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Weather Forecast Guide for Readers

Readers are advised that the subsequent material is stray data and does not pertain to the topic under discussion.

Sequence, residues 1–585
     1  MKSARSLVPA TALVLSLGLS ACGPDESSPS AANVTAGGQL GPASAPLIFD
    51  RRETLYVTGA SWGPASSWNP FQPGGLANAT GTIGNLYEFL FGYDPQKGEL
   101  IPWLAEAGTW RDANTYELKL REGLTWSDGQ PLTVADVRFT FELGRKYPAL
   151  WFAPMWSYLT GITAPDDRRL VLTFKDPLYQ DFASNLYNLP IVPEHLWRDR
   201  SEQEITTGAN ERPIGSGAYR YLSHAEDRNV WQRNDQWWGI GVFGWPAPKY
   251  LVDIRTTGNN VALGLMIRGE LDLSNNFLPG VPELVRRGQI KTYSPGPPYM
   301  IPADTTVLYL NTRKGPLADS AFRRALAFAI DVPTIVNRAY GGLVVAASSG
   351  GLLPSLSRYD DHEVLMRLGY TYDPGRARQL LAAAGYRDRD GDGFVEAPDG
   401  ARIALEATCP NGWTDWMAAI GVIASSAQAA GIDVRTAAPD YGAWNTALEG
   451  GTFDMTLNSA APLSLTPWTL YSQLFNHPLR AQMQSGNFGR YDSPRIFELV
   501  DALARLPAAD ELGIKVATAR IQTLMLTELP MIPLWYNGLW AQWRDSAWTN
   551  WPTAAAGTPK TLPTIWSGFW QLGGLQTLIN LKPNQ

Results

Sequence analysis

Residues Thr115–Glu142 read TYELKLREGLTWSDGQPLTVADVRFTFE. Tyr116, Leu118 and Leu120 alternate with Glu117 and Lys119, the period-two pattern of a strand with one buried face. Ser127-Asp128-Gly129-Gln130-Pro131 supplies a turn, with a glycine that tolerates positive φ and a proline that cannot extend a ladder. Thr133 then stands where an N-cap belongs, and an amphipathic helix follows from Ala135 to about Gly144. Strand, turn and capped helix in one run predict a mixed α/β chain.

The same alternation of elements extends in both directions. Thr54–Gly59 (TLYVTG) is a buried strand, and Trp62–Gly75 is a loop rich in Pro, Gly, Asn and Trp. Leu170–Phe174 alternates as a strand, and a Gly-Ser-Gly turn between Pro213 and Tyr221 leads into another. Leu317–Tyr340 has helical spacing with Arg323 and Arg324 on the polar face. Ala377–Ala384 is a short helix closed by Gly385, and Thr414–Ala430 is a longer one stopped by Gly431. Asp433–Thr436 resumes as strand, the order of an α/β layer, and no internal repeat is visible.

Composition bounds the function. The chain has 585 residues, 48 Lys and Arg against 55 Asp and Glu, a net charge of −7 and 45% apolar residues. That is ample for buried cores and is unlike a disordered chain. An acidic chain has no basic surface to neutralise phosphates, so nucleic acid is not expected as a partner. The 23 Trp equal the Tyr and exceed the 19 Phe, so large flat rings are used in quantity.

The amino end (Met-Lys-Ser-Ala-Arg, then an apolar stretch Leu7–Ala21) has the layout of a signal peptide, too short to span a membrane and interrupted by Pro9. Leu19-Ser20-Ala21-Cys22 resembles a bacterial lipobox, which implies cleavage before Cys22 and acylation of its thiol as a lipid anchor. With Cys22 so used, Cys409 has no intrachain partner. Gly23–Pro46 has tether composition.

Mostly sunny and warm with high near 80 * \ .. Page. Page. today. Pair tonight, low about 65. Tomor- ▲ iJ Amusements ...A-13 Obituary .A-l# row mostly sunny, high about 88. (Full report WT Comics_B-14-15 Radio.B-15 on Fage A-2.) ■ ■ Editorial _A-8 Society, Clubs.--B-3 Midnight 69 6 a.m.64 Noon --_ 84 I I Editorial Articles A-9 Sports .A-15-17 2 a.m. 69 8 am_66 1 p.m_87 U . Finance-A-19 Where to Go — B-2 4 a m_67 10 a.m_73 2 p.m_88 Lost and Found--A-3 Woman's Page --A-14 Late New York Markets, Poge A-19._ _An Associoted Press Newspaper 96th Year. No. 257. Phone STerling 5000 . 5 CENTS Bermuda Lashed by Hurricane; 140-Mile Winds Near Center; All Ships Warned to Flee Path - 4 Storm Now Pointed At Virginia Capes Likely to Recurve By th« Associated Press MIAMI, Fla., Sept. 13.—Hurri cane winds approaching 140-: mile-an-hour velocity swept the British island of Bermuda in the i Atlantic today. The Weather Bureau's storm warning service at Miami said the center of the severe hurricane was only 65 miles southwest of Bermuda at 11:15 a m. The storm was mov ing north-northwestward. "Winds at Bermuda have reached hurricane force and will continue to increase until the storm passes," forecasters reported. "The center is expected to pass 40 to 60 miles west of Bermuda during the next few hours.” Expected to Recurve. Although pointed in the general direction of the Virginia Capes, the storm is expected to recurve to the north and northeast before any ef fects are felt on the United States coast, the storm warning service stated. The hurricane for the next 12 hours will sweep the busy coastal shipping lanes with dangerous winds and wild seas. Ships were ■warned to avoid or flee its path. The re curving movement was expected to begin tonight. Bermuda had braced for the blow. Most residents of Bermuda stayed at home. Buses stopped. Bakeries, meat markets and liquor stores opened briefly to enable customers to stock up and then closed their doors. rower Lines Blown Down. First reports from Hamilton, as hurricane wind gusts up to 100 miles an hour struck, told of power lines being blown down and streets strewn with fallen tree limbs. Heavy rain whirled about in the shrilling wind. The island began riding out the first of the hurricane in midmorn ing. The sea was heavy, but the Eastern Steamships liner Evange line rode snug in the harbor. By noon, debris blocked main high ways, roads were flooded and tele phone service failed. Power failure! at the big King Edw'ard Memorial! Hospital caused attendants to use! oil lamps. An emergency generator supplied the operating room. Radio Stations Silent. Radio stations were silent. Officials said damage already was heavier than the $400,000 loss from a hurricane a year ago. The winds were stronger than those of last year. Advisory Issued. The storm warning service s Miami advisory said: The hurricane was centered at 11:15 a.m. near Latitude 31.7 north. Longitude 65.5 west or about 65 miles southwest of Bermuda. It is now moving north-northwestward at about 16 miles per hour. Winds at Bermuda have reached hurricane force and will continue to increase until Jhe storm passes. "Highest winds near storm center are estimated at 140 miles per hour and hurricane force winds extend r about 60 miles from the center, j Gales extend outward 200 miles to: the north and east. The center isj expected to pass about 40 to 60 miles; west of Bermuda during next lew hours. (Hurricane velocity is 75 miles an hour.) "North north-westward movement is expected to continue for the next 12 hours after which it is expected (o turn to the north or northeast. "All precautions should be con tinued in the path of this severe hurricane." Navy Force Departs. A Navy task force, including a 22.000-ton aircraft carrier and 12 -hips which arrived Friday on ma neuvers, left Bermuda yesterday. Planes at the United States Air' F'orce base on the island were or dered to the United States. The United States naval operating base at Bermuda removed boats from exposed areas and tied down all loose lumber. The British naval dockyard took similar precautions. Man Collapses, Dies At Highway Hearing William A. Dennison. 60, of 3937 Fourth street SE.. collapsed and died todav in the boardroom of the l District building a moment after he had finished testifying at a high way hearing. Mr Dennison, who told District officials he was manager of an apartment next to his Fourth street address, had opposed the proposed closing of an alley in the rear of the apartments. He had just returned to his seat from the witness chair when he collapsed. A rescue squad responded, but Mr. Dennison was pronounced dead by Dr. M. G. Alper of Emergency Hos pital. The body was removed to the Morgue. The highway hearing included 15 small cases and was completed in another rom, shortly after Mr. Den nison's death. Officials at St. Elizabeths Hospi tal said Mr. Dennison was an as sistant foreman of laborers there. A lifelong resident of Washington, he was a member of the Congress Heights Baptist Church and the Naval Lodge of Masons, his wife (aid. In additioin to his widow, he is survived by a son. Albert, of the Fourth street address; a daughter, Mrs. Geneva Garrett, 5494 Second avenue, Forestnlle, Md., and two grandchildren. l’P IN THE AIR AT THE CAPITOL—This picture ought to prove you never can tell what a woman photographer will do next. Miss Marion Carpenter, a free lance, climbed up the ladder today to take a shot of Warren Denison, general superintendent of a firm now engaged in cleaning and painting the Capitol dome, as Mr. Denison stood on the headdress of “Freedom.” Another photographer was on the ledge at foot of the ladder. The top of the 19-foot bronze statue is exactly 287 feet 5,72 inches above the base line of the Capitol’s east front. This photo was taken from the East Plaza. —Star Staff Photo. Bernadotte Orders Israel to Let Arabs Return to 3 Towns U. N. Mediator Also Tells Jews to Rebuild Homes Smashed During Truce By the Associated Press RHODES. Sept. 13.—Count Folke Bernadotte ordered Israel today to readmit Arab refugees to three villages and to rebuild their shattered homes. He said 8,000 Arabs were driven out and their homes smashed by the Israeli Army in violation of the truce. The villages are Ein Ghazal, Ijzim md Jaba. south of Haifa, along the Haifa-Tel Aviv highway. Count Bernadette, the United Na ions’ Palestine mediator, reported o the Security Council that Jewish forces attacked the three villages July 18 at the beginning of the iecond truce. The Arabs were forced :o evacuate after a seven-day land md air attack. Later. he said, the Jewish forces destroyed the villages >f Ein Ghazal and Jaba. Count Bernadotte said his in vestigators found 8.000 former vil agers in the Jenin area. They placed the number of killed ahd nissing at about 130. Count Berna dotte said "Arab allegations con .erning the number killed and cap .ured are enormously exaggerated.” Count Bernadotte said he had in formed Moshe Shertok. the Israeli Foreign Minister, that: •'Arab inhabitants of these vil lages, who were forced to evacuate hem subsequent to the commence ment of the second truce, must be allowed to return forthwith to re side there in peace. "The provisional government of Israeli shall do everything possible to rehabilitate the Arab inhabi tants of the three villages, restoring at its own expense all houses dam aged or destroyed during or after the attack, on the understanding that this ruling shall in no way be considered a precedent. * * *” Count Bernadotte asserted the Jews “could not be excused by the ~(See PALESTINE, Page A-4.) Hacker, 35, Dies in Room; Sleeping Tablets Found , Police today were investigating the death of a taxicab driver who was found unconscious this morning by a fellow-roomer at a boarding house in the 400 block of Delafield place N.W. . The man, Silas P. Heflin, 35, was pronounced dead by Dr. James J. McGuire, who responded in a Health Department ambulance. According to Detective Sergt George Cook of the Homicide Squad a half-empty bottle of sleeping tab lets was found near the body. Other residents at the house were said to have told police that Mr. Heflin had been using the tablets for the last two years. Some 50 boxes of similar tablets were found in his room police reported. Coroner A. Magruder MacDonald said an autopsy would be performed today. He said an analysis of the tablets also would be made. Communist Attempt To Seize Berlin Seen Alter U. S. Election Newspaper Says Reds In German Capital Have Determined on 'X-Day' By the Associated Press BERLIN, Sept. 13.—A liberal democratic newspaper here said today “X day” for achieving Communist seizure of Berlin has ■ been fixed for some time after the November presidential elec- j tions in the United States. The newspaper Montagsecho as serted the Russians have given Ger man Communists orders to step up riotous demonstrations to seize con trol of the city because Moscow j 'wants no four-power settlement of the 80-dav-old blockade crisis. A high* informed source in Mos cow' said* last night resumption of four-pow'er talks there on the Bir lin crisis is “quite likely” this week. The informant made this prediction after the return to the Russian capital of Francois Seydoux, po litical and diplomatic adviser to Lt. Gen. Joseph Pierre Koenig, French military governor in Ger many. Mr. Seydoux left Moscow i August 31 for Berlin, taking im-j portant documents to the three j Western military governors. Riots and strikes Seen. Until' "X-day.” Montagsecho said, the Communists aim to “seize every opportunity to promote riots, strikes and demonstrations” to worsen the local political situation. The newspaper asserted the Com munist hope the weather will inter fere with the British-American air lift that has been supplying Western Berlin and that the Russians have promised "to interfere with the air supply shuttle by increasing their own plane maneuvers over Berlin.” Montagsecho said the date for Communist seizure of control had been fixed at a meeting of leaders of the Communist-dominated Social ist Unity Party <SEDi during the past week. These leaders, the paper said, convened after receiving in structions from Soviet occupation ; chiefs. ' Montagsecho claimed the Com munist goal now is a full break with I parliamentary government and a "people's democracy” in favor of es tablishing a "dictatorship of the proletariat." It predicted that "SED will systematically seek with all means to provoke the population, elected government and democratic parties. The aim is to strain the nerves of Berliners to the utmost." The newspaper said "high Soviet occupation officials at Karlshorst headquarters have openly told lead ing SED functionaries that Russians | do not want any agreement over Berlin or Germany and that is why They have employed delaying and blocking tactics in talks at Moscow and in Berlin.” It added that the date for seizure of control of Berlin had been fixed for after the United States elections, (See BERLIN. Page A-3.) India Invades From All Sides Of Hyderabad Declared Purpose Is to Restore Order In Princely State By th« Associated Press NEW DELHI, Sept. 13.—Indian troops invaded the princely state of Hyderabad from all four sides today. The declare^} purpose was to restore order. The Indian government's first communique tonight reported "steady progress in all sectors." The dominion soldiers, spearhead ed with tanks and armored cars and covered with air support, advanced swiftly, mostly against negligible op position, a government statement in dicated. A Madras dispatch said Indian forces striking from the east ad vanced 40 miles to within possibly 60 miles of Hyderabad City, the stat® capital. Indian planes operated over Hyderabad all day against what the Indian communique said were mili Hyderabad Requests U. N. to Take Up Its Case Wednesday By the Associated Press PARIS, Sept. 13.—The fight ing in Hyderabad was brought to the attention of the United Nations Security Council today by«request of the state govern ment, which suggested that the Council members meet here Wednesday. The communication, dated yesterday, cited the intentions of India to invade the princely state in the attack now under way. Hyderabad also wants to lake its dispute with India before the International Court of Justice. The United Nations has made public a letter from Zahir Ahmed, secretary to the Hy derabad government in the Department of External Affairs, asking to join the .court. tary objectives. A Bombay dispatch said Indian planes made two minor raids on airdromes at Warangai and Bidar, two important Hydera bad towns. The communique said Indian casualties were “slight" and that opposing forces suffered "serious casualties” in the Aurengabad sector in Northwest Hydrabad, where nine prisoners were taken. Predominantly Hindu. India asserted disorder is rife in Hyderabad and that the fabulously rich Nizam had refused to disband private armies such as the Razakars. The state and dominion have been at odds for months because the Nizam, Gen. H. E. Sir Mir Osman Ali Kahn, a Moslem, has refused to accede to India. About four out of five of the 16,338.534 people of the rich state are Hindus. India has demanded a plebiscite to determine the future of Hyderabad. The state is the size of Minnesota and in South Cen tral India and surrounded by Indian territory. The invasion was launched within 48 hours of the death of Mahomed Ali Jinnah. the founder of Pakistan and the main force in the partition ~<3ee~HYDERABAD, Page A-4.) Navy Plane Is Missing With 'Important' Persons By the Associated Press OTTAWA, Sept. 13 —A United States naval plane carrying five persons, two of them classed as “very important,” is missing be tween Churchill, Man, and The Pas, | the United States Embassy said today. Four aboard were American mili tary personnel and one British. Names were withheld until kin can be notified. The plane left Churchill yester Iday morning for Ottawa and has I not reported since. The Embassy said the plane, a two-engined Naval Beacbcraft, normally was based at Ottawa and used by the Naval Attache. The Canadian Air Force is hunt ing the bleak, open country of Northern Manitoba. Churchill is the joint services winter experi mental base where several hundred Canadian and about 100 American troops are based. Candy Plant Toll Now 13 CHICAGO. Sept. 13 (#).—'The | death toll in last week's explosion at the E. J. Brach Candy Co. rostf | to 13 today with the death of Sam \ Spina, 32, of Chicago. Nancy Choremi Gets 3-Month Suspended Term in Vice Case By the Associated Press NEW YORK, Sept. 13.—Beautiful Nancy Fletcher Choremi, daughter | of a United States career diplomat, ] received a suspended three-month j sentence today on her conviction in I connection with vice charges. Similar suspended sentences were | imposed on two other women tried with the shapely 27-year-old ! brunette. The two other women were Made leine Blavier, 33, a native of Bel gium. and Margaret Starr, 30, daughter of a retired minister. Magistrate Arthur Markewich, who pronounced sentence, safd all three defendants were intelligent, and added: “I don't think they need to have any one stand over them with a horsewhip. "The problem of prostitution is not solved in a criminal court. It is a social, economic and moral problem." The three were convicted on charges brought by police who wire tapped phone conversations between the women and men. Mrs. Choremi is the mother of a 5-.vear-old son. Her husband ar rived recently from North Africa. She was found guilty on a charge of loitering in her East Side Manhat tan apartment for the purpose of committing an act df prostitution. Mrs. Starr was convicted of offer ing to obtain Miss Blavier for a Park avenue businessman for an act of prostitution and of aiding Miss Blavier in committing an immoral act. Miss Blavier was convicted of loi tering for the purpose of prostitution and of three other charges. Since their conviction, July 8, the three have been free in $2,500 bail each * Not Always Conducive to Sleep School Bells Ring for 114,000; White High Rejects Negroes District, 2 Counties Begin Terms With Classes Jammed (Pictures on Page B-l.) School bells rang out today for some 114,000 boys and girls in Washington, Montgomery County and Arlington County. Registration figures were not; available immediately, but expected j enrollments were; District, 83,000; j Montgomery County, 21,000, and Arlington County, 10,000. In each case, an increase in enrollment over last September was anticipated. With these openings today, all public schools in the Washington area will be in session. Schools in Prince Georges and Fairfax Counties and in Alexandria opened last week. Also opening today were the six schools operated by the Seventh-day Adventist Church in the Metropoli tan Area. Accurate Estimate Delayed. In the District, uncertainty as to how many non-resident students will return to school now that they must pay tuition prevented an ac curate prediction of enrollment. School Superintendent Hobart M. Corning said enrollment probably will exceed last year's total, but said he could not be more definite than that. He did say that some 4,000 more elementary children were expected to enroll than last year, however.! Evidence that enrollment in the kindergarten and first grades was on the increase was apparent at the Logan Elementary School, Third and G streets N.E., where halls were jammed with parents trying to enroll their children. Mrs. Catherine L. Pinkett, princi pal, said that it looked as if enroll ment would go up to more than 900 before the day was over. Last year it was about 700. The school elim inated part-time classes last year, but a return to the part-time ap peared inevitable, Mrs. Pinkett said. 1,200 on Part-Time Last Year. Logan was one of 18 elementary schools which found enrollment this morning so large that part-time classes must be set-up. Eleven other colored grade schools were forced to hold part-time classes last year. School officials were ex pecting those 11 to be on part time again this year, but said not too much of an increase in part time classes was expected in the colored schools “right away.” Last year more than 1,200 boys and girls were on part time. By the time registration is com pleted, however, this picture may change. Last year, five white elementary schools were on part time- Stanton Elementary School is planning to hold part-time classes in the first grades because of increasing en rollment to bring this total to six this year. More than 1,600 children i See SCHOOLSTPage-A-3.) Millions Homeless in China NANKING, Sept. 13 (-P). — The Government Information Service today reported the civil war and floods on the Yellow. Yangtze and other rivers had 55.000,000 homeless in China. Group in Arlington Denied Admission to Washington-Lee Nine Negro parents today sought unsuccessfully to enroll their children in Arlington's white Washington-Lee High School. Claude M. Richmond, principal, received the attorney for the dele gation in his office. Mr. Richmond said Virginia laws and the State constitution require segregation. The attorney, James B. Cobb, colored, of Washington, left the office in less than 10 minutes and departed with the delegation of mothers, who had remained outside the front entrance. Mr. Cobo said a new request will be made in Federal Court in Alexan dria, for a mandamus to compel Ar lington school officials to furnish Negro children facilities equal to those for white. Mr. Cobb said he was associated with Leon Ransom, colored Washington attorney, in the suit of Constance Carter, col ored, who last year sought ad mis (See SEGREGATION, Page A-5.) Reece Asserts Dewey Has Good Chance of Carrying Tennessee Governor Looks to Maine For Election Trend as State Goes to Polls * SENATE CONTEST Is Feature of Maine Election Today. Page A-5 RUNOFF FIGHT Due to Be Settled in Texas. Page A-2 G. O. P. DESERTS Nation’s Farmers. New Truman Theme. Page A-2 By J. A. O'Leary Star Staff Correspondent ALBANY, Sept. 13.—Gov. Dew ey was told today he has a good chance of carrying Tennessee by Carroll Reece, the Republican candidate for the Senate in that State this year against Demo cratic Representative Kefauver. Tennessee leaves the Democratic fold only when there is a national landslide, or other unusual situa tion, such as the two-way split that caused Henry Wallace to start the Progressive Party, while the deep South started an independent States’.Rights movement. Mr. Reece, former chairman of the Republican National Committee, was asked if he expected any sup port in the Senate race from Mayor Crump, Democratic leader of Mem phis. “That question has neither been asked nor answered in Tennessee,” Mr. Reece replied with a smile. Must Have Some Help. He conceded a few minutes later, however, that to carry Tennessee the Republicans either must win over some Democratic voters or benefit from a stay-at-home trend among Democrats on Election Day. Representative Kefauver won the Democratic senatorial nomination bv defeating not only the incumbent, Senator Stewart, but also the candi date backed by Mr. Crump. Mr. Reece charged in a news con ference here today that Mr. Ke fauver has been following "radical ideologies.” Meanwhile, Gov. Dewey turned one eye toward Maine today to see if the figures in that State's early general election bear out advance predictions of a Republican trend this year. Size of Vote Important. The rockribbed Pine Tree State never departed from its Republican moorings, even at the height of Franklin D. Roosevelt’s popularity. But the Dewey camp is awaiting with interest the size of the vote this year, because the margin of victory might be a straw in the wind as to how the rest of the country will vote in November. The old saying, “As Maine goes, so goes the Nation," lost its mean ing in the Roosevelt era. For 16 years the Nation went one way and Maine went the other. This year the G. O. P. high command hopes (See DEWEY, Page A-4.) Federal Raises Urged By Truman as NFFE Meets in Milwaukee Message to Convention Also Asks Abolition of 'Hit-or-Miss' Promotions By Joseph Young Star Staff Correspondent MILWAUKEE, Wis„ Sept. 13.— A revision of the Federal Pay Classification Act “all along the line” and a drastic improvement of the Government’s “hit-or miss” promotion system was urged today by President Tru man in a message to the open ing convention session of the National Federation of Federal Employes. More than 600 delegates, the largest number ever to attend an NITE convention in the union's 31-year history, heard NFFE Presi dent Luther C. Steward read Mr. Truman’s message. The President declared: “We must provide a higher salary ceiling than that which prevails at the present time ($10,330 a year). In my judg ment, the salary range for career civil servants should be extended to approximately $15,000. Then ad justments should be made all along the line, designed to make it pos sible for all employes to receive fair compensation in terms of the pres ent-day purchasing power of the dollar. "Certainly none of us can be satisfied with the system which we now follow in fixing the compensa tion of our salaried employes,” Mr. Truman added. "I have urged Con gress to modernize the Classifica tion Act of 1923. I shall continue to do so. It is a job that needs to be done if the management of the Government is to be carried for ward on a sound basis.” Turning to the Government's pro motion system, the President was sharply critical of the present methods. “This (the promotional system) is still handled on too much of a hit-or-miss basis,” Mr. Truman asserted. “We must not develop a system which will result in delays in the carrying forward of the Govern ment's business. At the same time, we must have a system which will reduce to a minimum the possibility of the desires of those who seek i power for selfish purposes being the controlling factor in making pro motions. It is just as important for us to promote persons on the basis of merit as it is for us to recruit them on that basis in the first in stance.” Mr. Truman once again took oc casion to praise the contributions of Federal employes during the past few years in imprtfgM Government operation. ]|jP^t "Those who hive been associated with the Government during both (See NFFETPage A-3.) 7 New Cases of Polio Bring Total to 134 Seven new cases of infantile paralysis were reported to the Dis trict Health Department over the | week end bringing to 134 the num ber of polio victims to be treated in hospitals here this year. Seventy-seven of the patients have been residents of the District land the other 57 were admitted from nearby Maryland and Virginia. At this time last year, only eight District cases and six from out of town were reported. Six of the new victims reported today are District residents. ! Admitted to Gallinger Hospital were: A 26-year-old man of the 1900 block of Jackson street N.E., a 17 year-old colored girl of the 100 block of Logan place N.W.. an 11 vear-old colored girl of the 1300 block of L street S.E. and a 10-year old boy of the 4400 block of Quarles street N.E. The other new cases, all at Chil dren’s Hospital, the Health Depart ment said, include a 5-year-old girl of the 4500 block of Blue Plains drive, S.W., admitted last Wednesday: a 4-year-dd colored boy of the 1600 , block of V street N.W., admitted Fridayf and a 17-year-old girl of the 8900 block of Seneca lane, Be-; thesda, admitted Friday. I Mrs. Patterson's Daughter Sues To Break Will Countess Gizycka Says Editor Was Coerced; Was of Unsound Mind Countess Felicia Gizycka. daughter of Mrs. Eleanor Medill Patterson, owner and publisher of the Washington Times-Herald, today attacked her mother’s will in a petition filed in District Court. , The petition asserted that Mrs. Patterson was not “of sound mind and memory or in any respect ca pable of making a will" at the time she signed it. The petition also charged Mrs. Patterson's signature was obtained "by the undue influence, duress and coercion exercised upon her by some j person or persons unknown to the petitioner” and that such persons also were guilty of "fraud and deceit.” Bequeathed Life Income. Countess Gizycka. who was be queathed most of Mrs. Patterson's personal effects, a substantial amount of real estate and a life income of $25,000 a year, asked that the will "may be refused probate and that the decedent be decreed to have died intestate." If the petition was granted, Countess Gizyka, as sole heir at law, would receive the entire estate. The bequests in the will, including that which left the newspaper to seven executives, would be voided. The petition was signed by Countess Gizycka, a resident of New York, and was filed on her be half by Randolph E. Paul and Lloyd K. Garrison, who have offices there and at 1614 I street N.W., and bjr Harold A. Kertz, of the law firm of Roberts & Mclnniss, with of fices in the Transportation Building. French Ministers Told To Remain in Paris By the Associated Press PARIS, Sept. 13.—The new coali tion French government, faced with a growing economic crisis, has for bidden its cabinet ministers to leave Paris during the next two months. The cabinet, formed Saturday night by Radical Socialist (Conserv ative) Henri Queuille, held an urg ent meeting yesterday and sched uled two more on economic prob lems for tomorrow and Wednesday. In addition Mr. Queuille ordered key ministers dealing with economic af fairs to draft measures today for dealing with Increasing inflation and to stabilize wages and prices. These drafts will be approved by the full cabinet before being sub mitted to the National Assembly. Meanwhile, Gen. Charles De Gaulle told a crowd of his followers at Cannes, on the Riviera, that ‘‘France finds itself In a state of having its affairs conducted in an Incapable manner." Gen. De Gaulle is waging a campaign in the prov inces for new national elections. 2 Finnish Editors Charged After Zhdanov Speculations By th« Associated Press HELSINKI. Finland, Sept. 13.— Two Finnish editors were arraigned today on charges they published articles casting suspicion on the manner of Andrei A. Zhdanov’s death. They were charged, on orders from President Juho K. Paasikivi, with printing stories, under a Stock holm dateline, speculating as to whether Prime Minister Stalin might have had a hand in the death of Mr. Zhdanov, Politburo member and Mr. Stalin's right-hand ' man, who died in Moscow August 31. (Official reports in Moscow at the time said Zhdanov died of heart trouble and allied ailments.) The papers. Kesklsuomalainen and Karjalana Maa, are both organs of the Agrarian Party. 2 U. S. Jet Fighters Crash In Germany, Third Missing By th« Associated Press FRANKFURT, Germany, Sept. 13.—Two American F-80 jet fighter planes crashed today near Kauf beuren while en route to England to take part in “Battle of Britain** Day Wednesday. Another F-80 Jet is missing, the United. States Air Force headquar ters announced. Pilots of both the crashed planes were believed to have been killed. The cause of the mishaps was un determined. All three planes had taken off in a formation of eight from the Fuerstenfeldbruck air base in Bavaria. The other five were re ported to have landed safely at Manston. England. Sunny, Near-90 Weather Due Today, Tomorrow The Weather Bureau predicted temperatures near 90 degrees for Washington today and tomorrow, with a return to cooler weather In prospect by Wednesday. The forecast for today called for continued sunshine. Tonight will be clear, with a low of about 65 degrees, and tomorrow will be partly cloudy, with temperatures in the upper 80s, the bureau said. Yesterday’s high temperature was 86 degrees at 4:14 p.m. and the low today was 63 at 7:43 a.m. Bulletin Kaiser-Frazer Sues Otis DETROIT (*">.—Kaiser - Fraaer Corp. filed a counterclaim in Federal court today asking $38,552,118 in damages from Otis Jc Co., a Cleveland invest* ment bouse.